A community-based police indicate local anchoring and a closeness to the public. There is still widespread skepticism about the use of the term "community police reform", especially because key measures in the reform involve some form of centralization. The term “community police" has resulted in a lot of criticism from different directions, and has led to an "energy leakage" at the district level, where much time and effort has been used to communicate and explain what the reform is about. This applies to the public, the media, and municipalities - but also internally in the local police organization. For municipalities, the community police reform takes place alongside other comprehensive reform processes such as municipal reform, regional reform, and centralization of other government services and jobs.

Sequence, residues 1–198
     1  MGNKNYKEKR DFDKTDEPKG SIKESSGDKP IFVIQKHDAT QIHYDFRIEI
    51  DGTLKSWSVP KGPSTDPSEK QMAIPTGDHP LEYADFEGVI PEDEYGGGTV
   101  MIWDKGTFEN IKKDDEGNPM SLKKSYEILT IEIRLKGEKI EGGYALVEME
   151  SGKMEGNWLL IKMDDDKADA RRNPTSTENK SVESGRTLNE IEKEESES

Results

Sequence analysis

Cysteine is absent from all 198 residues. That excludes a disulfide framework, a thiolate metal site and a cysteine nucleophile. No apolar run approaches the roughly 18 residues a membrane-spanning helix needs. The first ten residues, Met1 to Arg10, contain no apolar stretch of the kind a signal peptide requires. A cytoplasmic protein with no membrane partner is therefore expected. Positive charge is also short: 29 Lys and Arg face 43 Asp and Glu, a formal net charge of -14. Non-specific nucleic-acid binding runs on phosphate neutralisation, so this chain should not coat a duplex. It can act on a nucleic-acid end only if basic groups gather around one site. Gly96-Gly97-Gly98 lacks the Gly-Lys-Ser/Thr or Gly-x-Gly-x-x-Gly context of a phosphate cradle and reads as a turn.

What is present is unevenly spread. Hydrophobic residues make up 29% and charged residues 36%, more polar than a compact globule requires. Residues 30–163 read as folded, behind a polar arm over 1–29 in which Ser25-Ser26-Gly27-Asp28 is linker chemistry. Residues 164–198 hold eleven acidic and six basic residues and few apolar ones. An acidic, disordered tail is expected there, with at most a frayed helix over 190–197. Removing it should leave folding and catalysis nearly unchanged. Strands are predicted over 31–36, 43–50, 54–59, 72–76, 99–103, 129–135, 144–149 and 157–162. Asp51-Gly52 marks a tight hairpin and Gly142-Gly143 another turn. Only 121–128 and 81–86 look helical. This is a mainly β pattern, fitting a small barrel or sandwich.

The three police districts have operationalized «community police” in slightly different ways. Some districts have actively chosen a decentralization-strategy, where the closeness of the police and the "community police" have been defined as citizens’ equal access to police functions, even though these functions will be geographically spread throughout the police district. Thus, the physical presence of the rolling police patrol in the local community has not been the key component of operationalization and interpretation of what a close and community-based police should be. Other police districts use the image of the rolling police patrol, visible and present in the local community, as a core component of "the close police".